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Williamson v. Horel


August 14, 2008



Petitioner is a state prisoner proceeding pro se with a petition for writ of habeas corpus pursuant to 28 U.S.C. § 2254. On February 28, 2008, the undersigned ordered respondent to file a response to the petition. On April 30, 2008, respondent filed a motion to dismiss on the grounds that petitioner's petition is successive under 28 U.S.C. § 2244(b) and was filed beyond the one-year statute of limitations. On May 30, 2008, petitioner filed an opposition to the motion. On June 24, 2008, respondent filed a reply.


On June 27, 1986, a Sacramento County Superior Court jury found petitioner guilty on fifty criminal counts, including burglary, residential robbery, assault with intent to commit rape, penetration with a foreign object, sodomy, false imprisonment, rape, receiving stolen property, assault with a deadly weapon, robbery, and kidnapping. (Resp't's Lodged Docs. 1-2 & 18.) A number of sentencing enhancement allegations were found to be true. (Id., Docs. 1-2.) The trial court sentenced petitioner to four consecutive life terms, two concurrent life terms and a consecutive indeterminate term of 63 years in state prison. (Id., Docs. 1-2 & 18.)

On January 6, 1989, the California Court of Appeal for the Third Appellate District reversed three false imprisonment convictions, ten special findings, and the imposition of the sentence with respect to five of the criminal counts. The court stayed the sentences imposed on an additional nine counts. The Court of Appeal's decision resulted in the reduction of petitioner's determinate state prison term by ten years and stayed the concurrent indeterminate life sentences. The Court of Appeal affirmed the judgment in all other respects. (Resp't's Lodged Docs. 2 & 18.) On April 19, 1989, the California Supreme Court denied petitioner's petition for review. (Id., Doc. 4.)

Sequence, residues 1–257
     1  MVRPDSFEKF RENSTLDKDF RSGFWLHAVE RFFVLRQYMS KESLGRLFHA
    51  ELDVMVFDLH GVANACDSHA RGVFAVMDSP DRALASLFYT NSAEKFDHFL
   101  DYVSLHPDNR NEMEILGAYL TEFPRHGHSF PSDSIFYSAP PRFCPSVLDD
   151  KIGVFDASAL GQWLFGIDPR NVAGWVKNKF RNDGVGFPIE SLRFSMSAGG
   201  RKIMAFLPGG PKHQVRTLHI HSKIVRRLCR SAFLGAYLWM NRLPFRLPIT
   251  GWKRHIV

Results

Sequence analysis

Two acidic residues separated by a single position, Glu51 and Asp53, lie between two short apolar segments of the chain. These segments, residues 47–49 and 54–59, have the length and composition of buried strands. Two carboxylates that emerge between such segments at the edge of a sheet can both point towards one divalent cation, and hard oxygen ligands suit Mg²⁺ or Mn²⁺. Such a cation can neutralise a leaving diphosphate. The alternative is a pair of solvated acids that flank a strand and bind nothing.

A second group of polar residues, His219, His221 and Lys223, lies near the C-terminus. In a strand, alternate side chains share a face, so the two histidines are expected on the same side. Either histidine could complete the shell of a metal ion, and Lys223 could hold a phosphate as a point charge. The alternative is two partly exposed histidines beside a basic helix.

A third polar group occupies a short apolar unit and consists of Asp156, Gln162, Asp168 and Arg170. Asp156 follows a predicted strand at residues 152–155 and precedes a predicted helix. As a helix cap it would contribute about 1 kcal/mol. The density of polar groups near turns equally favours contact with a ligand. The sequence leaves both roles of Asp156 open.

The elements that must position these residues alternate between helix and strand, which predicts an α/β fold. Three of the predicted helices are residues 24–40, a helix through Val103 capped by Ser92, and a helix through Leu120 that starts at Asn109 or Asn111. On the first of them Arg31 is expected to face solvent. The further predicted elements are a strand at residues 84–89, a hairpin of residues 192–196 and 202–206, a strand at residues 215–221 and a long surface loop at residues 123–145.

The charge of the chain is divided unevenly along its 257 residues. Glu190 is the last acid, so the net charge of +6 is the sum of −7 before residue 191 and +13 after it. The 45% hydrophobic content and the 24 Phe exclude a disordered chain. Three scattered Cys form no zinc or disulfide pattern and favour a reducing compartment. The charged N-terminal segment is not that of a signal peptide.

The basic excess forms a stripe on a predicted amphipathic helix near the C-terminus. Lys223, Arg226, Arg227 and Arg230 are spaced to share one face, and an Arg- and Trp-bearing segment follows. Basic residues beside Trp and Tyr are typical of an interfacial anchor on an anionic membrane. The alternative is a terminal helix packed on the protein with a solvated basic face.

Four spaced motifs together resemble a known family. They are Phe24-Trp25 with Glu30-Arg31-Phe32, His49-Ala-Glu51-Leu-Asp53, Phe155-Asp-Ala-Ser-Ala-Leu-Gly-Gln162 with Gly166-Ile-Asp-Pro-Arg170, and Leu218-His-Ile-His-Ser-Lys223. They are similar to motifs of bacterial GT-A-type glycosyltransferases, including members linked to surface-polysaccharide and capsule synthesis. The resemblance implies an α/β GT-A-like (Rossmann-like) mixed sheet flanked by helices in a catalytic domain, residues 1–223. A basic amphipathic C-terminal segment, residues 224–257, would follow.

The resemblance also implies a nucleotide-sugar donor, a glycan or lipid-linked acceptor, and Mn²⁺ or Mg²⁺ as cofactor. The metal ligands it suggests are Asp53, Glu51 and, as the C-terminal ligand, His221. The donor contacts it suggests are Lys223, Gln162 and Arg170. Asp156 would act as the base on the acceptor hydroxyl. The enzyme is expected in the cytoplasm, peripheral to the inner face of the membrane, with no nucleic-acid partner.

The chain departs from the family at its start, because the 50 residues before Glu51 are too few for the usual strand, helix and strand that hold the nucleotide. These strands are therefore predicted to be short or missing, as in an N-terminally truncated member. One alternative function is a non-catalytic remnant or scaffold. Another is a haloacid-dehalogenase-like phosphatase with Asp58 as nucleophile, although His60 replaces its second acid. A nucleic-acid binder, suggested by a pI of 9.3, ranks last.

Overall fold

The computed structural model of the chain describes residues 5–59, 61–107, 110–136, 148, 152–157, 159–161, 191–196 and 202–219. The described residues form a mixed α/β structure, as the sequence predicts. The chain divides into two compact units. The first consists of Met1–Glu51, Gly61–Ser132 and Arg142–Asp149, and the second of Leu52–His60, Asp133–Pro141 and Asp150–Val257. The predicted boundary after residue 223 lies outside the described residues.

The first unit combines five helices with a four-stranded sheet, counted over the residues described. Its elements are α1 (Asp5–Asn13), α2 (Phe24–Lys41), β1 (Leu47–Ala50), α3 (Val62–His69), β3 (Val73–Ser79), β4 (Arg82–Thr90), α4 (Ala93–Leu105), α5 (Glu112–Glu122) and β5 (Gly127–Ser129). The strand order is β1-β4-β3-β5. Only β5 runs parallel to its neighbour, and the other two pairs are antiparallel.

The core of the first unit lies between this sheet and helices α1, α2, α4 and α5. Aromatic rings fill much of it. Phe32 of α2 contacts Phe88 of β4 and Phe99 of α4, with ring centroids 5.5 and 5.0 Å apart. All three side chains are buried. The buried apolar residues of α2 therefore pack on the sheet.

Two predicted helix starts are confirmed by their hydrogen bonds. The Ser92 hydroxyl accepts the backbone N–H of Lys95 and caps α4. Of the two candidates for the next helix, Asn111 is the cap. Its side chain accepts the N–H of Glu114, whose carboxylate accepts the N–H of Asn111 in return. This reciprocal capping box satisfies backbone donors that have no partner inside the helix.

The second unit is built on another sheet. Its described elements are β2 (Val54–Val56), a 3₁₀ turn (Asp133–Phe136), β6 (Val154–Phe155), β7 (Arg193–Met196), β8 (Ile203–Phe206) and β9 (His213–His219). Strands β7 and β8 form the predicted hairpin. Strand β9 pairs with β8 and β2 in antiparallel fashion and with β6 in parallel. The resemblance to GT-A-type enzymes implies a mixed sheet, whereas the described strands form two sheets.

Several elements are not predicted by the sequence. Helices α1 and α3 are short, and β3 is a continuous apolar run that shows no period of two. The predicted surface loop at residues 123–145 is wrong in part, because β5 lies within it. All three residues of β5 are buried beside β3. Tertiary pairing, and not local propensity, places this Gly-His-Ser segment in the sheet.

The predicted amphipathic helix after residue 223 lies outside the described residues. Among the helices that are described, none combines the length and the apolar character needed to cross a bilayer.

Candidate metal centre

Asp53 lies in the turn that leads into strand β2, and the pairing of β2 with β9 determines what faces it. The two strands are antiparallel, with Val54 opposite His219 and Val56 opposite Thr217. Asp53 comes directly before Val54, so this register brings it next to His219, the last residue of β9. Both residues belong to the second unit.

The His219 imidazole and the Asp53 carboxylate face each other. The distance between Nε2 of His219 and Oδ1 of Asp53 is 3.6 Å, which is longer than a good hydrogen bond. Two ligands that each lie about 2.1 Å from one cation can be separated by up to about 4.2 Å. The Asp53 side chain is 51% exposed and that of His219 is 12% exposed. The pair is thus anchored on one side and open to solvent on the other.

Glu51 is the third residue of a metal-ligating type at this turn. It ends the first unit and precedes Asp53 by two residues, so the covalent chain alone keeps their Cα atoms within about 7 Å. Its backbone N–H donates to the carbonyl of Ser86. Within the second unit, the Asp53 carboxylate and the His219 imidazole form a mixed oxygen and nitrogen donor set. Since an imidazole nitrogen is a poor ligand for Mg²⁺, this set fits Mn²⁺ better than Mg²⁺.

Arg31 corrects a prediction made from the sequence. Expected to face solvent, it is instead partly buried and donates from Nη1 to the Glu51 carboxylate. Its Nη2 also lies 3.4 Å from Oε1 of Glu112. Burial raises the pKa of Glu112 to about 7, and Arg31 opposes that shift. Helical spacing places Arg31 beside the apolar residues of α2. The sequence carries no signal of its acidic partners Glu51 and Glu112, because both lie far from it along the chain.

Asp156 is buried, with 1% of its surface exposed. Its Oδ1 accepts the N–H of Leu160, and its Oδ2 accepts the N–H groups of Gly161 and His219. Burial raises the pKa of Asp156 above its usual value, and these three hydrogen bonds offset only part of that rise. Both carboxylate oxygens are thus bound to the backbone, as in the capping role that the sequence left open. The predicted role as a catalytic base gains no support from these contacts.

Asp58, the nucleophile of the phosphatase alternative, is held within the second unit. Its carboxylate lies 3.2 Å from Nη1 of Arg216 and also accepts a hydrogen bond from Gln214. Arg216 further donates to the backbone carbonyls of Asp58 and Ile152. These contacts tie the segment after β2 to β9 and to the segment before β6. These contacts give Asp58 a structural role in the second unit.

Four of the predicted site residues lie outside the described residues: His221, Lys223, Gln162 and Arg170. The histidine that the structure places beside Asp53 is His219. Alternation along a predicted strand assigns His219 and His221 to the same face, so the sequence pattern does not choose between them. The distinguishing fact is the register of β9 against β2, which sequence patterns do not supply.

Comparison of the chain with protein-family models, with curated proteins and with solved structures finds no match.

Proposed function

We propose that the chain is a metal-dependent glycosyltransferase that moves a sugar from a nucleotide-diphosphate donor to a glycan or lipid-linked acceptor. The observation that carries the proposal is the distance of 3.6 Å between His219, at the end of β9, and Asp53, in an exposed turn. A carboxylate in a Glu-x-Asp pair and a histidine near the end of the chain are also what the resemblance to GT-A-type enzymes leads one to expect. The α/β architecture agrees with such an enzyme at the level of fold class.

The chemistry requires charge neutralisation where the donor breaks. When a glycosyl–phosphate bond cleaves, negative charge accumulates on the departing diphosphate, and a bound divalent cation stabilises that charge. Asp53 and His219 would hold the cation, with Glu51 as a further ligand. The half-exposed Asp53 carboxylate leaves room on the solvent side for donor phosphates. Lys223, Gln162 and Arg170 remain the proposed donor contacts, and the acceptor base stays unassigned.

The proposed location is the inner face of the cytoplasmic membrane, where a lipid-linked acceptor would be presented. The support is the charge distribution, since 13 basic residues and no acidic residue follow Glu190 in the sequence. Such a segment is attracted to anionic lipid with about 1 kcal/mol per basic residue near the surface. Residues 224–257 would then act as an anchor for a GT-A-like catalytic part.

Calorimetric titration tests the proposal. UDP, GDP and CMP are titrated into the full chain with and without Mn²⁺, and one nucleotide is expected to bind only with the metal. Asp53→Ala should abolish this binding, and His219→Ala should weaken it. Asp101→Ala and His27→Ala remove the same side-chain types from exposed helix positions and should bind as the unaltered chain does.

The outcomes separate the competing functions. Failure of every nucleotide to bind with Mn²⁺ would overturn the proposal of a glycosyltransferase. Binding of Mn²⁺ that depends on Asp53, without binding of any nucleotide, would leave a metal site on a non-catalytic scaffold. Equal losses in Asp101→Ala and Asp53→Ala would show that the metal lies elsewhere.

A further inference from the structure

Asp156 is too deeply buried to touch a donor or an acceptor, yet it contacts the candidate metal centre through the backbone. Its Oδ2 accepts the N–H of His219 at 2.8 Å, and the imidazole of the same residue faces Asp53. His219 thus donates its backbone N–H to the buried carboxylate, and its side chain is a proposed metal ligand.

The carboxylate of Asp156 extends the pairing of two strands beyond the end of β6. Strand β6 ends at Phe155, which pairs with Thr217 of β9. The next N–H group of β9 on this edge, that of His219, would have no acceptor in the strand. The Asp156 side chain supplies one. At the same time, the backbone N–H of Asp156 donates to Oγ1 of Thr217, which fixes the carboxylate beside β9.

Petitioner filed seven collateral challenges to his conviction in state court. He filed his first petition with the California Supreme Court on or about August 15, 1989. He filed six subsequent petitions at various levels of the state court system until the California Supreme Court denied his seventh and final petition on February 7, 2007. (Resp't's Lodged Docs. 5-16.)

On or about April 25, 1991, petitioner filed a federal habeas application in this court challenging the same judgment of conviction he now seeks to challenge in the instant petition. (Resp't's Lodged Doc. 17; Case No. CIV S-91-0501 GEB JFM P.) On December 21, 1994, the assigned district judge in that case adopted the magistrate judge's findings and recommendations and dismissed the 1994 federal petition on the merits. (Resp't's Lodged Docs. 18-19; Case No. CIV S-91-0501 GEB JFM P.) Petitioner appealed from that decision to the United States Court of Appeals for the Ninth Circuit. (Resp't's Lodged Doc. 20.) The Ninth Circuit affirmed the judgment on November 1, 1995. (Resp't's Lodged Doc. 21.)

On or about July 7, 2007, petitioner filed the instant petition in the United States District Court for the Northern District of California. On September 11, 2007, that court transferred the case to this court where venue is proper.


I. Respondent's Motion

Respondent argues that the pending petition is successive and untimely. (Resp't's Mot. to Dismiss at 1.) First, respondent argues that petitioner previously filed a federal habeas petition in this court, challenging the same state court conviction and sentence he now seeks to challenge once again. The respondent notes that this court denied that earlier petition on the merits. Respondent contends that, because petitioner raised his sole claim regarding jury selection process in his prior federal petition, his current petition must be dismissed pursuant to 28 U.S.C. § 2244(b). Respondent also notes that petitioner has not obtained an order from the Ninth Circuit authorizing the district court to consider this second and successive petition. Accordingly, respondent concludes that the court should dismiss the instant petition without prejudice to re-filing if petitioner obtains the necessary order from the Ninth Circuit. (Id. at 2.)